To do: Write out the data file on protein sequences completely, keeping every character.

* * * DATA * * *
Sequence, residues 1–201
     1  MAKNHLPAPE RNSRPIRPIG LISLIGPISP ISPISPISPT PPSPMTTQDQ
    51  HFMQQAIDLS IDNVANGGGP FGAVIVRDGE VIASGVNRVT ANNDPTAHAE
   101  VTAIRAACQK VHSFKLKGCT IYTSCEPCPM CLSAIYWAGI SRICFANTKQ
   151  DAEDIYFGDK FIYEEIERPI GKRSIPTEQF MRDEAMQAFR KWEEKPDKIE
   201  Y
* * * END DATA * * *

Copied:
Sequence, residues 1–201
     1  MAKNHLPAPE RNSRPIRPIG LISLIGPISP ISPISPISPT PPSPMTTQDQ
    51  HFMQQAIDLS IDNVANGGGP FGAVIVRDGE VIASGVNRVT ANNDPTAHAE
   101  VTAIRAACQK VHSFKLKGCT IYTSCEPCPM CLSAIYWAGI SRICFANTKQ
   151  DAEDIYFGDK FIYEEIERPI GKRSIPTEQF MRDEAMQAFR KWEEKPDKIE
   201  Y